Contrast this imagery of a security force personnel with that of a Maoist. In spite of the reports of the CPI-Maoist collecting millions of rupees as extortion and establishing arms smuggling networks through India’s northeast, living conditions of an average rebel has not undergone any improvement over the years. His/ her life is constantly on the run with access to the most basic diet just enough to survive and to crude weapons (only the senior cadres have access to sophisticated weapons) for purposes of inflicting fatalities on the enemy as well as self-defence. It is apparent from the descriptions of the media persons who have spent time in Maoist camps that with the state’s military approach gathering steam, such operating conditions have become even more precarious and inhospitable.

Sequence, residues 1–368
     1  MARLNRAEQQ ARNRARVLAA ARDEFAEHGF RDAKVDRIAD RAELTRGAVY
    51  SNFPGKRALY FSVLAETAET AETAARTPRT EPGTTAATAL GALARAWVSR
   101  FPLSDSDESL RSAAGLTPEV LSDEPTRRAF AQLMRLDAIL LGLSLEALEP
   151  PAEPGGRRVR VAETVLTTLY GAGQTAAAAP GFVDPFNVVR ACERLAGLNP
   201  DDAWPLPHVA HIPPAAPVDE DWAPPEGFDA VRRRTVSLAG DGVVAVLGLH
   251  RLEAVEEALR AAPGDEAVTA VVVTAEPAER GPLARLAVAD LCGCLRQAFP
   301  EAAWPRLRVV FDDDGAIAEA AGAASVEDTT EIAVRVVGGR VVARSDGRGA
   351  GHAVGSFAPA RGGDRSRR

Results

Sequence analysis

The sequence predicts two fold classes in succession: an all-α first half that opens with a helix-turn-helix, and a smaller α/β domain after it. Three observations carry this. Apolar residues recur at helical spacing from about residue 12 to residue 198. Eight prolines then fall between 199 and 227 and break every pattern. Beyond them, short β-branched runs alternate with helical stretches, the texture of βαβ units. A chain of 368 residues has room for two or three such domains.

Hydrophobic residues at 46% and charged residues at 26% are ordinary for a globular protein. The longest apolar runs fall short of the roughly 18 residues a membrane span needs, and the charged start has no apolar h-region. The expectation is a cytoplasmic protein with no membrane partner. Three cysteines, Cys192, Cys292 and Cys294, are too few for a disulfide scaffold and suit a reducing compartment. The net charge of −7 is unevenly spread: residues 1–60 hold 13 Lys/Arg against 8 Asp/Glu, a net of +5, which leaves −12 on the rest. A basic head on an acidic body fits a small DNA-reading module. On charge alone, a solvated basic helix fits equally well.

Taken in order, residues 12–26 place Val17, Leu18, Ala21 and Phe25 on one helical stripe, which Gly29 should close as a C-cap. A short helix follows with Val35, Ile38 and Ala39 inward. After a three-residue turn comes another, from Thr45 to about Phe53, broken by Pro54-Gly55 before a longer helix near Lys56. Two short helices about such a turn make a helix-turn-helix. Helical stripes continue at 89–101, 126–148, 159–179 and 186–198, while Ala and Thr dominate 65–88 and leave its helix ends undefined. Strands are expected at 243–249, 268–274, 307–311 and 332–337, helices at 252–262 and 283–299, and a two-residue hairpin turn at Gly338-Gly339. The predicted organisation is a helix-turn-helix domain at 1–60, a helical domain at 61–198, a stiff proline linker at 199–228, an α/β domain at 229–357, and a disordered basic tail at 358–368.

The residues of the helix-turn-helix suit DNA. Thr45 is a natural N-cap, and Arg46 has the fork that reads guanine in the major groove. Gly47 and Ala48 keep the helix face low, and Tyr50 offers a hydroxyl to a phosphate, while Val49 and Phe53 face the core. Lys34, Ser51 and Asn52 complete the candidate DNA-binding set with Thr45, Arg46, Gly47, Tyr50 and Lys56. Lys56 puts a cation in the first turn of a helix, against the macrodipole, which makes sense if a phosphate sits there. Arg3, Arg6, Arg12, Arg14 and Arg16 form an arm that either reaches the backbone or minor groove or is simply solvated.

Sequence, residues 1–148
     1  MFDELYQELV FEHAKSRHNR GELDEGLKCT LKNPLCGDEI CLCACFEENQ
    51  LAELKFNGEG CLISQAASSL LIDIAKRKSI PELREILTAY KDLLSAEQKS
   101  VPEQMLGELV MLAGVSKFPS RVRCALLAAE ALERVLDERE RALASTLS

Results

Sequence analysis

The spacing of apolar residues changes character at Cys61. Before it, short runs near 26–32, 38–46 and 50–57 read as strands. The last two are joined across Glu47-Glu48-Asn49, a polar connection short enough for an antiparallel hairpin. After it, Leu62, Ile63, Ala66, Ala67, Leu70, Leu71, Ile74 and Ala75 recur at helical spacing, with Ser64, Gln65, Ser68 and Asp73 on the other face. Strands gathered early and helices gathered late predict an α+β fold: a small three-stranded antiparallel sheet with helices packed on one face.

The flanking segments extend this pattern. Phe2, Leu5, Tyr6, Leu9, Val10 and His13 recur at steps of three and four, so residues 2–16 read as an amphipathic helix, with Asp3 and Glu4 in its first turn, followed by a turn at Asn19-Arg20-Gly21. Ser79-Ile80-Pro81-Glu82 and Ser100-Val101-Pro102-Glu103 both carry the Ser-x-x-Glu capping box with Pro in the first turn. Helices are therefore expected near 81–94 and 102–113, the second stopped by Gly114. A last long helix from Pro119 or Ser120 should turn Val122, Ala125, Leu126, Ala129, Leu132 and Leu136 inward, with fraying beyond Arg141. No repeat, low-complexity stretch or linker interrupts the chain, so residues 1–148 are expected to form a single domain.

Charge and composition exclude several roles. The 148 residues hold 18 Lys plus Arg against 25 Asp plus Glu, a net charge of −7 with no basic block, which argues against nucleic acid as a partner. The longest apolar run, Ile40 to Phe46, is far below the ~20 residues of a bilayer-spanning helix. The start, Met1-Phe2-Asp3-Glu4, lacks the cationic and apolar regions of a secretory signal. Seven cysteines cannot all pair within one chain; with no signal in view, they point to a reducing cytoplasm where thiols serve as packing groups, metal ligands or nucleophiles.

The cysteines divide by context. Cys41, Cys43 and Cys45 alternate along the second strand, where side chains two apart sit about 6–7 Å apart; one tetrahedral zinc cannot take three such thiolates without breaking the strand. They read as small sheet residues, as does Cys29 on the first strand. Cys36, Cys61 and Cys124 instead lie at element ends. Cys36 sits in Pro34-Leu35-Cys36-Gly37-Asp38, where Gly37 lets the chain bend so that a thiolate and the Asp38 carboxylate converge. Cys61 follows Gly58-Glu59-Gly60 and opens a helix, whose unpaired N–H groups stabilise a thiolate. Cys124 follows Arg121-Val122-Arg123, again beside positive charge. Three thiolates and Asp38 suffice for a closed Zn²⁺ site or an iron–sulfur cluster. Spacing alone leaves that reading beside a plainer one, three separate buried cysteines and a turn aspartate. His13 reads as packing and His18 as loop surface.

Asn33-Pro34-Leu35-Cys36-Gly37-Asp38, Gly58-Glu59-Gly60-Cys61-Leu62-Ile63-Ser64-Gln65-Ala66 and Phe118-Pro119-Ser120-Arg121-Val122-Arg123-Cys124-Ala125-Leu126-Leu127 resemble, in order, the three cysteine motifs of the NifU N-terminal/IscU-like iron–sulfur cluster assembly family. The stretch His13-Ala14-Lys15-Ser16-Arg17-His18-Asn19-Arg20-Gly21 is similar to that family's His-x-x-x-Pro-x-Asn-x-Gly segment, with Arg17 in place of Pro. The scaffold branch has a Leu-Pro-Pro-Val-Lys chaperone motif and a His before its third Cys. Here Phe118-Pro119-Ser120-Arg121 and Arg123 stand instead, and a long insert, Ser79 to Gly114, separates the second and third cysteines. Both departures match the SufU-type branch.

While one can go on debating the way the CPI-Maoist has been able to transform the cadres recruited through a range of methods into die hard revolutionaries, the fact remains that the steadfast attachment to an end game invariably differentiates the extremists from the security force personnel. While doubting the gallantry quotient among the security forces is none of the purposes of this article, the reality is that the left-wing extremism affected theatres of the country, much like the insurgency-affected states of the Northeast, are marked by a contest between resolute attachment to an ideology and personal bravery. Somehow, the rigorous training modules and expenses on firearms incurred on the security forces have not been able to bridge the crucial gap between competency and commitment.